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Faculty-Led Program to Puerto Rico Examines Contemporary Politics, Statehood Argument

From June 13-20th, The AmeriCenter and George Mason University partnered to host a faculty-led program in Puerto Rico. Titled Puerto Rico – The 51st State?, the program examined the historical and cultural arguments for statehood in Puerto Rico and Washington, D.C. 

In the five weeks leading up to the program in Puerto Rico, students met once a week to discuss the foundations of each respective statehood argument. A week prior to travel, students met in Washington D.C. to visit museums and speak with local statehood advocates. 

Below are some of the program highlights while students visited Puerto Rico:

Food, Dance & Culture in San Juan

To kick off the program on June 14th, the group participated in a guided walking tour of Old San Juan followed by an introduction to traditional Puerto Rican food and dance. 

During the afternoon walking tour, the group explored the colorful buildings and charming streets of Old San Juan and learned the history and stories that set the tone for the rest of the trip. The Old San Juan walking tour includes visits to the following sites: The San Juan Cathedral, Plaza San Jose, La Rogativa, San Juan Gate, Capilla del Cristo, Plaza del Quinto Centenario, Plaza de Armas, El Morro and Casa Blanca. 

Next, the group enjoyed a cooking class and learned how to make Mafongo, a traditional plantain dish. Dating back to the early 1500s, Mafongo is a fusion of Puerto Rico’s Spanish, African and Taíno background and is made with ripe plantains or yuca, which are then fried and mashed with oil, garlic, salt, and a tasty broth.

The evening was capped off with an introduction to Salsa music and dance, in which students learned about the musical traditions of the island. 

Political History & Statehood Arguments

Between June 15 and June 17, the group engaged in interactive dialogues with three unique speakers to explore Puerto Rico’s history, political governance, and current affairs that are shaping the statehood argument on the island.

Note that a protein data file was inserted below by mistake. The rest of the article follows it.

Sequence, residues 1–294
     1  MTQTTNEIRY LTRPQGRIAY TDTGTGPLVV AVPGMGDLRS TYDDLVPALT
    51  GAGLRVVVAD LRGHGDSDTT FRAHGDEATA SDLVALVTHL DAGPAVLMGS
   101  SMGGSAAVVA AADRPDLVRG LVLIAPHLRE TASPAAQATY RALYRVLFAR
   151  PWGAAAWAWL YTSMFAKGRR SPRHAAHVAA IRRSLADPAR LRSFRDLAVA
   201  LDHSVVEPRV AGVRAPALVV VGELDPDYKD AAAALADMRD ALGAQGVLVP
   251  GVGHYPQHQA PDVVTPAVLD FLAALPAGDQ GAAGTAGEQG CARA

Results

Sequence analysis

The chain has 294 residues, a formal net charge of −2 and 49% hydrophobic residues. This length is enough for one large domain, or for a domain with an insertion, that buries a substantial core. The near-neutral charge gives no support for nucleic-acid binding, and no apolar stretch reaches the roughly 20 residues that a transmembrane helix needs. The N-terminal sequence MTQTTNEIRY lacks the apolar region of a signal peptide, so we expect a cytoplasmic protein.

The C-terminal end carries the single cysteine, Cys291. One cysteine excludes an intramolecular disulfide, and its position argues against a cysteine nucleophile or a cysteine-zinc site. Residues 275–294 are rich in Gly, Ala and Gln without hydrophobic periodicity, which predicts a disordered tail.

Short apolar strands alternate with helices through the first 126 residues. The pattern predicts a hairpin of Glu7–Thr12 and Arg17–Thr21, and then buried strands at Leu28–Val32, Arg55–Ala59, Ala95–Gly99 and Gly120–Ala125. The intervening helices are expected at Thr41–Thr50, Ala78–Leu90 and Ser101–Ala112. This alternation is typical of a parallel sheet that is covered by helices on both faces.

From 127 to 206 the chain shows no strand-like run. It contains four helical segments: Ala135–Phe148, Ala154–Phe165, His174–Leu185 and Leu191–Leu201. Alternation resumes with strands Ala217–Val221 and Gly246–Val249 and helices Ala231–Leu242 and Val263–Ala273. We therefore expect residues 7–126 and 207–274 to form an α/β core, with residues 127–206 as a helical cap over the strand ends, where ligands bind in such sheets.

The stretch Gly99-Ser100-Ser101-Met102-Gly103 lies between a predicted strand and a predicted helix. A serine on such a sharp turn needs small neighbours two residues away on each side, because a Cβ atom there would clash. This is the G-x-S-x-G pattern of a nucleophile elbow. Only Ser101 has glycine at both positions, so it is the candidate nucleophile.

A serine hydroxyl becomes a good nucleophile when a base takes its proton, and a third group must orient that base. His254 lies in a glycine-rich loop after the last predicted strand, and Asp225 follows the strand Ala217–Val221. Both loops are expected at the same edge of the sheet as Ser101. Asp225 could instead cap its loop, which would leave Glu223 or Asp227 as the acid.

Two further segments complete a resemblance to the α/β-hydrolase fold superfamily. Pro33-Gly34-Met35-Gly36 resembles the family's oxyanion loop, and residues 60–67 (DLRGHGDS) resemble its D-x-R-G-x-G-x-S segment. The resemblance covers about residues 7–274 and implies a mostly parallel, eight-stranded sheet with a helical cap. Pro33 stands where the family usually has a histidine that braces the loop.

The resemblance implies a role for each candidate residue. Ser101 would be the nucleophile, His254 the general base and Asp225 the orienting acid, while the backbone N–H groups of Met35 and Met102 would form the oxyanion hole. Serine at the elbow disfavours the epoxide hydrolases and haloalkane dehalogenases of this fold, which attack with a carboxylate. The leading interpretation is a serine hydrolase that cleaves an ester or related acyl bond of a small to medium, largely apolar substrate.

The first visit on June 15th was with Dr. Hector M. Martinez Ramirez, a lecturer of Political Science at the University of Puerto Rico. Dr. Martinez Ramirez provided the students a historical overview of politics in Puerto Rico and how public life has been significantly shaped by its status as an organized, unincorporated territory of the United States.

Next, on June 16th, the group met with Adrian Gonzalez, Chief of Staff to Representative Maria de Lourdes Santiago. Mr. Gonzalez discussed Puerto Rico’s political landscape, the origins of the Independence Party and its leadership advocating for Puerto Rico’s independence from the United States.

Lastly, on June 17th, the students were provided with a unique, all-access visit with Governor Pedro Pierluisi. While meeting with the Governor, the group discuss the opportunities and challenges for Puerto Rico in becoming a U.S. State, and the impacts that statehood would have on different layers of society. The visit ended with a tour of La Fortaleza, a structure originally built as a fortification of San Juan harbor between 1533-1540 and which serves as the official residence and office of Puerto Rico’s Governor. 

Ecology & Environment 

On June 18th, the group made its way to El Yunque National Rainforest, the only tropical rainforest in the U.S. National Forest Service. Students enjoyed hiking in the rainforest and learning about the unique ecology of Puerto Rico, while also visiting multiple waterfalls and swimming in the rainforest’s pristine waters.